But while I’ve concentrated on recent television here, the link between serialization and mediatization is much broader. A moment ago, I invoked the figure of the frame to describe the work of regularly consumed TV series in organizing and transforming our experience, and I want to extend this to serial forms in other media as well. The figure of the frame has cropped up before in discussions of mediatization, often in connection with the idea of an overarching “media logic” (as the “orientation frame” or “processual framework” that increasingly structures social action). But whereas this notion of media logic raises worries of determinism and is seen by some to cast mediatization as an implausibly linear process, the sort of framing I have in mind is inherently reversible, volatile, and polyvocal—expressive of the non-neutral Prägkraft or “moulding forces” that communications scholar Andreas Hepp sees at work in media, while also compatible with his call (following David Morley) for a non-media-centric media theory capable of countenancing a central paradox of mediatization: capable, namely, of accounting for the increasingly central role of media in shaping our experience without thereby attributing the central or determinative causal agency of this development to media as a unified force. Divorced from the idea of a singular, teleological media logic, the figure of the frame illustrates what I call a process of “de/centering,” which Derrida exposes in a text ostensibly about painting. As he shows, frames are never simple or singular but highly unstable and phenomenally reversible entities. On the one hand, they stand outside the work, providing a background against which the framed content can emerge as a figure. On the other hand, though, the frame becomes part of the figure when seen against the background of the wall. Oscillating between ground and figure, the frame as margin or passepartout both centers and decenters the work: it enacts the multistable logic of de/centering that I propose explains the non-passive but non-deterministic framing function of media as revealed by a techno-phenomenological take on mediatization and serialization.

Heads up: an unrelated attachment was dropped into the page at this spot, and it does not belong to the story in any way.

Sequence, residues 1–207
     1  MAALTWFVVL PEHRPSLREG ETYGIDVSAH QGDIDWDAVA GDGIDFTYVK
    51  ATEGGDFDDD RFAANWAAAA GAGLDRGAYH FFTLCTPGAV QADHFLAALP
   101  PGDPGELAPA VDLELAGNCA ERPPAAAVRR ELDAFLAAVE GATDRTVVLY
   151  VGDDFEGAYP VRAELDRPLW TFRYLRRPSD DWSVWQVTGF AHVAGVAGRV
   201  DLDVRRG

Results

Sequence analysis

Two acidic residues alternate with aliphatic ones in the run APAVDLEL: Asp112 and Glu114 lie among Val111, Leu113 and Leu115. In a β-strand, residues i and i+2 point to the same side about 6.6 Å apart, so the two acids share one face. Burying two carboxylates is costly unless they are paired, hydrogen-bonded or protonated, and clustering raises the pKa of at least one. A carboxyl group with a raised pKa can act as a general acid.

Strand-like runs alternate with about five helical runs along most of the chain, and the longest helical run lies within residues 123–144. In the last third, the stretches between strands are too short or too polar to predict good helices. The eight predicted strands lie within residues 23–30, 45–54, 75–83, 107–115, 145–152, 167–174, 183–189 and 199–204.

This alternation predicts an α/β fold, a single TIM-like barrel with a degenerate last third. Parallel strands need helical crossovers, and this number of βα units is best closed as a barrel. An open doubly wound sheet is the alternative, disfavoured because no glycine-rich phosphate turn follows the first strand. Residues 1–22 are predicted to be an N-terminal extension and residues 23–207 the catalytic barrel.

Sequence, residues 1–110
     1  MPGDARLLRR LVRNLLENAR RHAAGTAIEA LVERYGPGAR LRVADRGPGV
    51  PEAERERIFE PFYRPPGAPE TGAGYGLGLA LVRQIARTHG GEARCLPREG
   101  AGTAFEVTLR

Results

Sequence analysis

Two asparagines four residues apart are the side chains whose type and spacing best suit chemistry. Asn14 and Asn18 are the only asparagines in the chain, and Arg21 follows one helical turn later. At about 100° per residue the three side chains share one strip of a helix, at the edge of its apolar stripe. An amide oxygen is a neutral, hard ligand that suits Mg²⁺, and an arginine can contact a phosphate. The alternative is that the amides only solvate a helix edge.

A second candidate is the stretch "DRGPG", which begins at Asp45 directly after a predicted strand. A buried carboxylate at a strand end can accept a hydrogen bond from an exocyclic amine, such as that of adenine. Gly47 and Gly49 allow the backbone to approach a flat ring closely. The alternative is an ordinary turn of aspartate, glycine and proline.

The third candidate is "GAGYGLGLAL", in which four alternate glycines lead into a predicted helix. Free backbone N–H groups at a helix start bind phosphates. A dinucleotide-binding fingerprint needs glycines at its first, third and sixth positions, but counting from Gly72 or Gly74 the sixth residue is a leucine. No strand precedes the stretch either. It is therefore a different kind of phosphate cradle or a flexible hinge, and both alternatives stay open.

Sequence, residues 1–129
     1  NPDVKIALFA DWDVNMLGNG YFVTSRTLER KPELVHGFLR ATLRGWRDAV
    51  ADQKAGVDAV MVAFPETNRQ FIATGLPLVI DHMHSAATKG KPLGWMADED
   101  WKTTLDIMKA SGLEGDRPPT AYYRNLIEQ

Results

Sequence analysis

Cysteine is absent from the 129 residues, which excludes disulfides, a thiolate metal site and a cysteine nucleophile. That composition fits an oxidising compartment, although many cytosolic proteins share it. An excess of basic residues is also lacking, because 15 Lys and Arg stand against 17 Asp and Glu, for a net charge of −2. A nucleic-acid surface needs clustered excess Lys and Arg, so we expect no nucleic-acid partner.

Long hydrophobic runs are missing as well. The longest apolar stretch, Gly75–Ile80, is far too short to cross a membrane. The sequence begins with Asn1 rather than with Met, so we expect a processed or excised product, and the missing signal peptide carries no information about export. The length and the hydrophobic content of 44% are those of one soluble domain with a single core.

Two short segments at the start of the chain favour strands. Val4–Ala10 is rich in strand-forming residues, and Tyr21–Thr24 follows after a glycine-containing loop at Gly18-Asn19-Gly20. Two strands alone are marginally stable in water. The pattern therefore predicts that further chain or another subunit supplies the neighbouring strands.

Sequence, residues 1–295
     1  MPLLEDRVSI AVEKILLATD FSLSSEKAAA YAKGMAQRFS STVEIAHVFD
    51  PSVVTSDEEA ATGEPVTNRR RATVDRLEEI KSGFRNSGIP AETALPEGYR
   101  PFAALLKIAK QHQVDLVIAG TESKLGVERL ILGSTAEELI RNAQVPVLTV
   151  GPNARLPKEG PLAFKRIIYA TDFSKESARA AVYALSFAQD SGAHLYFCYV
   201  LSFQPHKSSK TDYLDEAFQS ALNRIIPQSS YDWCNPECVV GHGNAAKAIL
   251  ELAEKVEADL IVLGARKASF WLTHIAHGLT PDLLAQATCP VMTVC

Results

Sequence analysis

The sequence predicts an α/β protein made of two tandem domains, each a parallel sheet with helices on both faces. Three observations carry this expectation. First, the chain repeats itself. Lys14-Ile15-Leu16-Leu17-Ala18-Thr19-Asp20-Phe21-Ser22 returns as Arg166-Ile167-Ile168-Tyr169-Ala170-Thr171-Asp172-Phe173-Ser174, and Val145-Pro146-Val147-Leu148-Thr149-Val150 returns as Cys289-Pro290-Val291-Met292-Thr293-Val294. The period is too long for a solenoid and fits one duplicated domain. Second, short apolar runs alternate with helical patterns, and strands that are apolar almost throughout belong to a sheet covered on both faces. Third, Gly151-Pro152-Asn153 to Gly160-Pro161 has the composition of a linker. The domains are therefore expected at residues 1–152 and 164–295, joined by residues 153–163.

Techno-phenomenology is my term for an approach developed by American philosopher Don Ihde, following leads from the early Heidegger and Merleau-Ponty, among others. Generally speaking, techno-phenomenology looks at technologies neither as passive artifacts nor as determinative global systems, but instead as constituent parts of the relations that human agents maintain with their environments in concretely embodied, practical situations. What Ihde calls “mediating technologies” may occupy a variety of positions within the intentional relations of subjects to objects. For example, when one looks through a telescope, the device itself ideally disappears; it is, so to speak, “absorbed” into the perceiving subject’s sensorial apparatus to reveal far-away objects that couldn’t be seen with the naked eye. Prosthetically extending the embodied subject, the telescope occupies what Ihde calls an “embodiment relation.” In contrast to this, a radio telescope cannot be looked through in this direct manner; instead, its output must be looked at and interpreted, “read” as a sign of an objective reality that cannot be perceived directly. This type of technology instantiates a “hermeneutic relation”—occupying a semi-objective position as something to be looked at rather than through. But it is important to note that technologies, on this view, do not inevitably and irrevocably instantiate one or the other type of relation. As Heidegger’s famous hammer illustrates, an embodiment relation can always break down. And Don Ihde goes further to illustrate that breakage is not the only source of such reversal. Decontextualization, simple inexperience, or intentional aesthetic estrangement, for example, can all cause transformation, because techno-phenomenal relations are embedded in contexts of practice, which are in turn conditioned by social and cultural forces. The fact remains, though, that a “telic inclination,” as Ihde puts it, may inhere in a technology, predisposing a given technology to certain means of use and relation and not to others. Material factors exert pressures on praxis that push optical and radio telescopes, for example, to opposite ends of the spectrum of subject-object relations, while still allowing for non-typical forms of use or appropriation.